“We would never encourage anyone, regardless of the conditions, to swim in and out of sea caves because you just don’t know what situation could arise that could present a danger to you, and in turn present a danger to all those first responders who would have to come to your assistance.”

    Kiama Council’s Sally Bursell says more than a million people visit the blowhole each year. “It runs best on a south-easterly swell, and can get as high as 30m,” she says. “And it is our claim to fame, that we have the biggest blowhole in the world.”

    Source :

    Plus there’s this recent development in an area with some fascinating caves and sinkholes :

    A cave diver says there is a very good chance a sinkhole that appeared in Mount Gambier on Sunday is connected to other passages under South Australia’s second-largest city.

    The sinkhole — 2 metres in width and depth — appeared on Sunday on a council path between the Railway Lands park and the Wulanda Recreation and Convention Centre on the edge of Mount Gambier’s CBD. It appeared after heavy rain on Saturday night and Sunday morning. Rain is slightly acidic and dissolves the limestone in the ground over time, leading to sinkholes and caves. Cave diver Josh Richards and his diving companion, Matthew Aisbett, discovered an extension of the Engelbrecht Cave in Mount Gambier two years ago.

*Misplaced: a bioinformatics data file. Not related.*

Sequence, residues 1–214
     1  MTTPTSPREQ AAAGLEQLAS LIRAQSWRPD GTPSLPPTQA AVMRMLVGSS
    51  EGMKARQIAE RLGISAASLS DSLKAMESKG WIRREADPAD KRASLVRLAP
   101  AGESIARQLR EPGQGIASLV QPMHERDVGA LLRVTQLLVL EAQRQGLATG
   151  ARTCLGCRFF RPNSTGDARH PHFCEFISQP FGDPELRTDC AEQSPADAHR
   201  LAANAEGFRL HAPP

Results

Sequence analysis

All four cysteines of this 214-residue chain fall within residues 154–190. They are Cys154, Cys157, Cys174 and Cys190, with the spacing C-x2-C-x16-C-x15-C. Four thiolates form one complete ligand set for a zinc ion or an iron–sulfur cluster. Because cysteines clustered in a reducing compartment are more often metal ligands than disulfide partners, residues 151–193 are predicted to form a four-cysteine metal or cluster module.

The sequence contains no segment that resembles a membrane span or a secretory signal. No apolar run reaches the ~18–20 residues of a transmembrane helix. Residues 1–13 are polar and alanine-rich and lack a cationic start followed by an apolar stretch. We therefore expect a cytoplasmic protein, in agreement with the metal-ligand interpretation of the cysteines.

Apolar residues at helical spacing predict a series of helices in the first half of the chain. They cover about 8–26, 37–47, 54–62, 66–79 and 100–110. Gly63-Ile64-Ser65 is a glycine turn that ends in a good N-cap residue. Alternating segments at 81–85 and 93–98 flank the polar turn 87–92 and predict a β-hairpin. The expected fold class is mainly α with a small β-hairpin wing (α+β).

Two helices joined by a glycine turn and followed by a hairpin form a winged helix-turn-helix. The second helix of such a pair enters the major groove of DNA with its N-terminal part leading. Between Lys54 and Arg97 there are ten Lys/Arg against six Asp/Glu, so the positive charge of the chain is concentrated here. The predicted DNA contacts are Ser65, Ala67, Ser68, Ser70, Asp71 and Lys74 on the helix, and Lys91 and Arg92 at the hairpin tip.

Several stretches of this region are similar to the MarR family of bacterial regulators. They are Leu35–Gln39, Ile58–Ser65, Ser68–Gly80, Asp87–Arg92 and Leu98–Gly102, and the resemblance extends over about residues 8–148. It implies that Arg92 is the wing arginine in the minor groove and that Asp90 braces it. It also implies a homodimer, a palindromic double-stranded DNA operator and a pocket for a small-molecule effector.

The passage heads towards but does not quite reach the Cave Garden sinkhole park in Mount Gambier’s centre. Mr Richards said passages under Mount Gambier tended to head in a south-easterly direction and the new sinkhole was in a direct line with the new section he found, so they could be connected.

    Source :

    Then, sadly, there’s this much grimmer article on what Global Overheating is doing to our inland rivers which have alrey experienced some dreadful issues with algal blooms, fish kills and droughts here :

    The impact of this projected drying pattern on Australia’s inland rivers is expected to be profound.